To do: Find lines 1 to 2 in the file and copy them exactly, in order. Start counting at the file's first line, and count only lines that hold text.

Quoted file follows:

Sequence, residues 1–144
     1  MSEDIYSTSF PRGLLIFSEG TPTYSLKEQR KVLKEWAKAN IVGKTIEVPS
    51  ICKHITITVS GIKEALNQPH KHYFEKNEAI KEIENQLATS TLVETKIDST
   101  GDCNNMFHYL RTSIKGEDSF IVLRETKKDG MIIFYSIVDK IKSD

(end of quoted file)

Sequence, residues 1–144
     1  MSEDIYSTSF PRGLLIFSEG TPTYSLKEQR KVLKEWAKAN IVGKTIEVPS